Analysts Wary of Comcast Interest in E!

Mar 27, 2006  •  Post A Comment

Call it Wall Street’s warning shot across the bow in case Comcast Corp. is considering any future content plays.

While many analysts agree that it makes sense for the multiple system operator to negotiate with The Walt Disney Co. to buy the 39.5 percent of E! Entertainment Television that it doesn’t already own, they aren’t particularly happy about the move and aren’t afraid to say so.

Some are grousing that the likely price tag of at least $1 billion will be one less check written to buy back stock or to invest in the core cable business. Others question the wisdom of a cable company being in the content business altogether.

“To me, the most important thing they can do with their capital is convert to all-digital or attack the competition,” said Richard Greenfield, an analyst with Pali Research. “I’d rather see Comcast devoted to converting its analog customers to digital faster than they are, before the competition gets going.”

Added Harold Vogel, CEO of Vogel Capital Management: “I think that all cable operators are nervous about not controlling their destiny with content, but cable operators are in the plumbing business. They have no particular expertise in content. There is a risk about content that they don’t really need to take on in any massive way.”

Comcast is said to be working with Disney to put together a deal that would give the cable operator full ownership of E!, whose assets include cable channels E! and Style. Some analysts estimate Comcast could pay around $1 billion to buy the stake, assuming E! is worth around $2.5 billion. Comcast has long had operating control over the channels, but a deal to buy Disney’s stake would satisfy Wall Street’s desire for a simpler balance sheet.

Some observers also speculate that the negotiations are tied to conversations between the two companies about Comcast’s carriage agreement with ESPN, which is up for renewal.

Spokespeople from both Comcast and Disney refused to comment.

If an agreement is reached, it would end years of speculation about which of the two companies would buy out the other. Comcast and Disney have jointly owned E! since 1997, when Comcast bought a controlling interest in the channel and then brought in Disney as a minority shareholder.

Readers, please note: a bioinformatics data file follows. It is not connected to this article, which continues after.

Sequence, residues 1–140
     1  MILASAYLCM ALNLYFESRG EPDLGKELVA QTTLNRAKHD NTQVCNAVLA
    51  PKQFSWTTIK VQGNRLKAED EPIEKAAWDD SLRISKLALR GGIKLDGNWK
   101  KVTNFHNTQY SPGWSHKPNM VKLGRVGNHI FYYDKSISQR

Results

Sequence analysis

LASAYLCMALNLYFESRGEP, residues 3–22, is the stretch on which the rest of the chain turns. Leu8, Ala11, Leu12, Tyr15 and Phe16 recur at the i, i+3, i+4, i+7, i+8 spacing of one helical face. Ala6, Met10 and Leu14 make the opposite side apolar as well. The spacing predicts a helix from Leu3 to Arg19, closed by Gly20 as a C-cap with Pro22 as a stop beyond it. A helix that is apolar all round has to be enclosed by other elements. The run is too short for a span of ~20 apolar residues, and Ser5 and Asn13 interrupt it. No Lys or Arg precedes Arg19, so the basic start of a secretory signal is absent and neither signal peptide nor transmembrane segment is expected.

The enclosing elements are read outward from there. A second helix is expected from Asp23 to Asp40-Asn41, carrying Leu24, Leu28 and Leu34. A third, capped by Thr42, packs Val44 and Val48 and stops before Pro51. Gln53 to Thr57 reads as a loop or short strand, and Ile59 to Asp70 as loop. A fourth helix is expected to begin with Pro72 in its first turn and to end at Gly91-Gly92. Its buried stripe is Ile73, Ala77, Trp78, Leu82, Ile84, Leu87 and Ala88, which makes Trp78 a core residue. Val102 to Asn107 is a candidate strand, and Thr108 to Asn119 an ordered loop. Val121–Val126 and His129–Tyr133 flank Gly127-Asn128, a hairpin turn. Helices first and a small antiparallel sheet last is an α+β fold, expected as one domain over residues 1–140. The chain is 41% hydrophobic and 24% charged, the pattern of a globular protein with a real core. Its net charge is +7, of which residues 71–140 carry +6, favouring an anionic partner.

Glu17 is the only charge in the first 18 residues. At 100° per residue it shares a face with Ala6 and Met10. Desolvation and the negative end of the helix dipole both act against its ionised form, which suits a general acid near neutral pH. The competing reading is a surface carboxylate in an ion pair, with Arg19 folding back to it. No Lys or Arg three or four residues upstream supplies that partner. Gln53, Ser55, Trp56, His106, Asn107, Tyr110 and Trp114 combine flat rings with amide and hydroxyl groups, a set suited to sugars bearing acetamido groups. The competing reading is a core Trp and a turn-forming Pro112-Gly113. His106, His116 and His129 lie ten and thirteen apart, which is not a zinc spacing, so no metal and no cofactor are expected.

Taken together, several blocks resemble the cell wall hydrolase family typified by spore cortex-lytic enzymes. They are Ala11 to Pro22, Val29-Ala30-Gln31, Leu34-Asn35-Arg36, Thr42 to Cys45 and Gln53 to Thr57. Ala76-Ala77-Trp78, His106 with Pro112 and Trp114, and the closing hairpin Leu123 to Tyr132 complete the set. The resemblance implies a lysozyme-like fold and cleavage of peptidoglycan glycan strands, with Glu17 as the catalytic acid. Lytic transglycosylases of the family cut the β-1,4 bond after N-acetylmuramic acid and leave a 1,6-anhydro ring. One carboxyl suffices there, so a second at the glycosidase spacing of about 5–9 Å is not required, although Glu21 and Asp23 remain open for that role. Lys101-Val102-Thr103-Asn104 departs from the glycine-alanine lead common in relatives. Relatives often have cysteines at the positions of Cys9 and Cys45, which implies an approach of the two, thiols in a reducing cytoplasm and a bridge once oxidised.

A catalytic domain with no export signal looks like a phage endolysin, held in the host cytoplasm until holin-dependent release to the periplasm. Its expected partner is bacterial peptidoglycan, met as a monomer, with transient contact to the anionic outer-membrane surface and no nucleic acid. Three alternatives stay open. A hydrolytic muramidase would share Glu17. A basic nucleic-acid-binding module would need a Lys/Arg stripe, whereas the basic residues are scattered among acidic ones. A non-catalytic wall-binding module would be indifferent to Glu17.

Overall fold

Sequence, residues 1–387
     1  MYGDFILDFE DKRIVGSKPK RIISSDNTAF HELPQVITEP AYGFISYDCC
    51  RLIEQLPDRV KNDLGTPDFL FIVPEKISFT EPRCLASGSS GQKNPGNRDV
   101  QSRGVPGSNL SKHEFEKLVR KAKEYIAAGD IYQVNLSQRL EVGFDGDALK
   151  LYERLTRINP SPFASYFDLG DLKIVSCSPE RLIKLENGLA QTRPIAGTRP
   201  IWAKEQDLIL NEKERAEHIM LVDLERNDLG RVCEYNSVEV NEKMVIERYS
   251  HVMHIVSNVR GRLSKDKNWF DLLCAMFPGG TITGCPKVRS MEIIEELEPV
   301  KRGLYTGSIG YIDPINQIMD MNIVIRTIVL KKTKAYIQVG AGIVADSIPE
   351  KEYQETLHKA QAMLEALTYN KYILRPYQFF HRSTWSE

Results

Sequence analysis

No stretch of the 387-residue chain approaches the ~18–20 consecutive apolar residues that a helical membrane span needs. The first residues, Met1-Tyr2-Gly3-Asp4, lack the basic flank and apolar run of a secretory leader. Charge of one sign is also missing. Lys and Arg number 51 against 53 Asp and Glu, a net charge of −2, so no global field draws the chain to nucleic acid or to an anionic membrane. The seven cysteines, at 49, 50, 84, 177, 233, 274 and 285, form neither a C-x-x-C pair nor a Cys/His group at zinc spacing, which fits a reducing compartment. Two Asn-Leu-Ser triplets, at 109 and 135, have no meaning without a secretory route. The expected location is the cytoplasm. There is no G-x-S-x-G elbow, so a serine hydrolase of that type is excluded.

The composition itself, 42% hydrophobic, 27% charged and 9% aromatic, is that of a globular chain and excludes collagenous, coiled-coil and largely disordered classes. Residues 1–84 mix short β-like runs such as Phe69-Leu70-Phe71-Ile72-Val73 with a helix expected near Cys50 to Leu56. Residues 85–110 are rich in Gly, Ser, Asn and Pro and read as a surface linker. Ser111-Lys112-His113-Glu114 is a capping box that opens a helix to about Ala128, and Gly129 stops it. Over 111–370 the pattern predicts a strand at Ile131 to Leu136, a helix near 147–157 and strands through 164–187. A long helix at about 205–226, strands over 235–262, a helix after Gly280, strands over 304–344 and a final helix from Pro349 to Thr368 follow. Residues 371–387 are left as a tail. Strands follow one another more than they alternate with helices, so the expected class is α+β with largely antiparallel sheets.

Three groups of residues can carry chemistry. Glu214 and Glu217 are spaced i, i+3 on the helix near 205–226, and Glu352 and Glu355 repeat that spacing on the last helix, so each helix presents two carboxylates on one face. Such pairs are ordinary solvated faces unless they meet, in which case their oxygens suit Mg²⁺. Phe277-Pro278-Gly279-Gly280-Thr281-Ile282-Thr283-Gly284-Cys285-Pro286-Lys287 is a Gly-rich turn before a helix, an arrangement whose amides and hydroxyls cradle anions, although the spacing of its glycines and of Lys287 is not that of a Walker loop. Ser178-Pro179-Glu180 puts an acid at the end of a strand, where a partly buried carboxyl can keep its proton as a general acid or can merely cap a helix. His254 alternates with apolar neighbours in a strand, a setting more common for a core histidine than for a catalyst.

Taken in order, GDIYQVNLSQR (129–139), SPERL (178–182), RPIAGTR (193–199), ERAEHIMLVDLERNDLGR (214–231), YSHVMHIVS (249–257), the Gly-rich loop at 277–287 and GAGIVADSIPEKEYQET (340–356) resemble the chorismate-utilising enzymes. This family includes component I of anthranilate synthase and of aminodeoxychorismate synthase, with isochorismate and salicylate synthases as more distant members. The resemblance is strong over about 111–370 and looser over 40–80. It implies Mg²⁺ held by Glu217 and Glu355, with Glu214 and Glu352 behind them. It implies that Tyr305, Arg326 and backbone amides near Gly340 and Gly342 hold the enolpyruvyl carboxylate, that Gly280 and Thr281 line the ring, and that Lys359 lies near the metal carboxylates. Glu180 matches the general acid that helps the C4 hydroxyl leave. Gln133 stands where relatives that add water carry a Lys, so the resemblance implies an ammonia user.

While the joint ownership has run smoothly for both companies, Wall Street has long preferred cable channels to be owned by single entities to simplify balance sheets. That was one of the reasons behind Viacom’s decision in 2003 to buy out the other half of its stake in Comedy Central, which it owned 50-50 with Time Warner. Media players predict similar motivations could come into play down the road for networks such as Court TV, which is owned 50-50 by Time Warner and Liberty Media.

Going With What It Knows

But in those cases, the companies involved were mainly content entities. In the case of Comcast, which has a presence in both distribution and content, some people worry any focus on programming could distract it from the stiffening competition on the distribution side.

Indeed, with satellite continuing to lure subscribers away from cable and the new threat of video services from telephone companies such as AT&T some observers think companies such as Comcast would do well to stick to their core business.

“Comcast is a complicated company,” said F. Jack Liebau, whose Liebau Asset Management in Pasadena, Calif., owns stakes in both Disney and Comcast. “It has aspirations on the distribution side and to get bigger in content. This proposed transaction is perfectly consistent with management’s world view. But I think investors are more comfortable with Comcast buying in the rest of an asset they know rather than some outside channel.”